• BREAKING NEWS ABC shows live and on-demand -- Download the WATCH ABC app!

Slain girl's memorial in Long Beach to be moved because of complaint

A makeshift memorial that has helped a mother cope with the murder of her young daughter must now be moved.
February 17, 2014 12:00:00 AM PST
A makeshift memorial that has helped a mother cope with the murder of her young daughter must now be moved. Graciella Fernandez has visited the memorial regularly since her daughter Xiomara was murdered in 2012. It has helped her tremendously in her grief. But someone recently complained about it and now the city of Long Beach says it needs to move.

Fernandez visits the memorial to her 9-year-old daughter several times a week.

"My baby died in this place, not in another place," said Fernandez.

She says she comes to pray and meditate, because her daughter took her last breath there. Fernandez's husband is charged with killing Xiomara to prevent her from coming forward about alleged sexual molestation.

"I think it helps her because it reminds her about her. If I forget about her, then that's forgetting all the bad things that happened," said Xiomara's sister Perla.

But now city officials say they've gotten a complaint, and plan to move the memorial off the public property. They say they've been working with the church to move it onto church property across the street:

"We absolutely understand the family's grief and their desire to have a place to remember their daughter. However, there are laws about maintaining the public right of way for public services. We have a responsibility to fulfill the law and apply it equally now that we have been made aware of the memorial through a resident complaint," said Long Beach Deputy City Manager Tom Modica. "As a solution, we have been working to locate the memorial in the Church parking lot, closer to where the incident occurred. Long Beach has promised to beautify the public area by planting trees. We believe this solution will allow for a memorial, while beautifying the area and maintaining the use of public right of way for public purposes. This solution should be in place within the next few weeks."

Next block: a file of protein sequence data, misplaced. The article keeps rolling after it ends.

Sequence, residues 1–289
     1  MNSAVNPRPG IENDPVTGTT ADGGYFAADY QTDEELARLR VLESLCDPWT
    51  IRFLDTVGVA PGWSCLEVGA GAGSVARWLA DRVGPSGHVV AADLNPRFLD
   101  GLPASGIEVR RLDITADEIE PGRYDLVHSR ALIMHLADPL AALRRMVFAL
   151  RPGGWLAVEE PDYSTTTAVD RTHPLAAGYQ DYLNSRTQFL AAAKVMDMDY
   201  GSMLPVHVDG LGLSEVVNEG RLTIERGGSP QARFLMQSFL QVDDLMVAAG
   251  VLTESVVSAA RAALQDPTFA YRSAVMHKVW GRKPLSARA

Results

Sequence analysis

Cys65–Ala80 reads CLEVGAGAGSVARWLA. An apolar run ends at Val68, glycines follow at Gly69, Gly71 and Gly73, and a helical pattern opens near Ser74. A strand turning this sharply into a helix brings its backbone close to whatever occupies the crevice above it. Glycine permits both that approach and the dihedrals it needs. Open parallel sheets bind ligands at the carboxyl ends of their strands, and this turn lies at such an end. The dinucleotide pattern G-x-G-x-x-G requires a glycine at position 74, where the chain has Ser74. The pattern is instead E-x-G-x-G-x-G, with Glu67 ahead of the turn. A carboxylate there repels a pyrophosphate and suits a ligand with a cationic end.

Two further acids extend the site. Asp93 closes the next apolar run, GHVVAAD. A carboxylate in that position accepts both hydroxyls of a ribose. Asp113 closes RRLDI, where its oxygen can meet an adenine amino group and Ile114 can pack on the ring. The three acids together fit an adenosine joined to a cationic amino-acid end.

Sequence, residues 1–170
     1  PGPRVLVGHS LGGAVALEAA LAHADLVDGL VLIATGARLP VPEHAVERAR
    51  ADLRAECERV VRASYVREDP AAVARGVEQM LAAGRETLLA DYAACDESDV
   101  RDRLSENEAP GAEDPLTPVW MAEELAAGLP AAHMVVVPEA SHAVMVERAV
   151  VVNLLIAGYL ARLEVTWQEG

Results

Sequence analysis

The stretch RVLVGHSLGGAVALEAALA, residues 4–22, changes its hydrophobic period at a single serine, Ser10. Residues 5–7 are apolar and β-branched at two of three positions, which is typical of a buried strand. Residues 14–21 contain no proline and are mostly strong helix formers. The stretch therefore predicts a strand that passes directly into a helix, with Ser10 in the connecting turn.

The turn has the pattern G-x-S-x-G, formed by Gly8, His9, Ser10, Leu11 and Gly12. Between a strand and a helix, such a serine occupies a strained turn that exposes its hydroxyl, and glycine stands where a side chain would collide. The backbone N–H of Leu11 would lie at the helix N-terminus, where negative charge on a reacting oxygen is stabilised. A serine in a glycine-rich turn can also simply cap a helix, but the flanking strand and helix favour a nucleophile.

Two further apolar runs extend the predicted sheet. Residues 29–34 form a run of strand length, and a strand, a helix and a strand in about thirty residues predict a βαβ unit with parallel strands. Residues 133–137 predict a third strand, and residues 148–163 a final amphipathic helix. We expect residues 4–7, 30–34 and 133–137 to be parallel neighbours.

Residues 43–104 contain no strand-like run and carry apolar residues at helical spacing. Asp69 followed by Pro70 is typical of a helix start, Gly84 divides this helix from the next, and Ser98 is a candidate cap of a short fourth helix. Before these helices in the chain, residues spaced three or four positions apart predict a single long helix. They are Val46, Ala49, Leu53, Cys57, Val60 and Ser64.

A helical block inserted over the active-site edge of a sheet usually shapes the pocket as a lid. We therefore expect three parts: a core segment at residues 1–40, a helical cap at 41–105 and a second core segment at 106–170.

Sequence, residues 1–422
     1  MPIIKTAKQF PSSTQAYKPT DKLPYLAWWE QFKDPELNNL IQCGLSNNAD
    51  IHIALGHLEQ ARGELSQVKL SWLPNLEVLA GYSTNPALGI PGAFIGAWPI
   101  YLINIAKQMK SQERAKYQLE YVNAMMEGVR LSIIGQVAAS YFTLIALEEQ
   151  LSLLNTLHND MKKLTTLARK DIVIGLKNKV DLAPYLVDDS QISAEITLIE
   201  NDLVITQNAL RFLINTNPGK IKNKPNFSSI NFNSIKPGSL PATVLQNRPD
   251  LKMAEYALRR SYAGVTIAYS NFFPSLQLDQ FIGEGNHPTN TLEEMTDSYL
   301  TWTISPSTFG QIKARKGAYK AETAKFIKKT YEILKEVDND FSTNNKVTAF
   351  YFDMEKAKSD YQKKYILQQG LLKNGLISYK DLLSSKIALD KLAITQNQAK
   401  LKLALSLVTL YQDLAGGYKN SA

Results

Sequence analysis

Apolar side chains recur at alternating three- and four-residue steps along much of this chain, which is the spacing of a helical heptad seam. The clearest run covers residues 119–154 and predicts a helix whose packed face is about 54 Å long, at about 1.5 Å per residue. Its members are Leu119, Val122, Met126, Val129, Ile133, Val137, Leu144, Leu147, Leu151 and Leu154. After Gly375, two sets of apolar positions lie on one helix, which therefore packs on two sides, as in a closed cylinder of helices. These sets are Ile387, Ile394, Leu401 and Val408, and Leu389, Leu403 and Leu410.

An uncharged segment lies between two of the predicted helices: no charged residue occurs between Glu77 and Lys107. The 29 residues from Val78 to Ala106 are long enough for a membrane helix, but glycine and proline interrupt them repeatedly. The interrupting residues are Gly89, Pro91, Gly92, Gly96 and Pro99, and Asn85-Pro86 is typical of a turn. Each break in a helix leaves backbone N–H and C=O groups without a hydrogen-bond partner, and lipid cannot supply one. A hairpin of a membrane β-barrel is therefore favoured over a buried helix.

The memorial started when Fernandez planted a vine after Xiomara's death in 2012. Then community members added a bench, more plants and a bird bath.

"We thought whoever did it was really nice because they were seeing my mom going every week, and I guess that's how they decided to put it there," said Alma, another sister.

Though the family says they take comfort in knowing that there will still be a memorial, they say it hurts them that this tribute to Xiomara could be dismantled and moved.

"When I went there, I felt sad, but at the same time I felt like she would come back one day somehow," said sister Perla.


Load Comments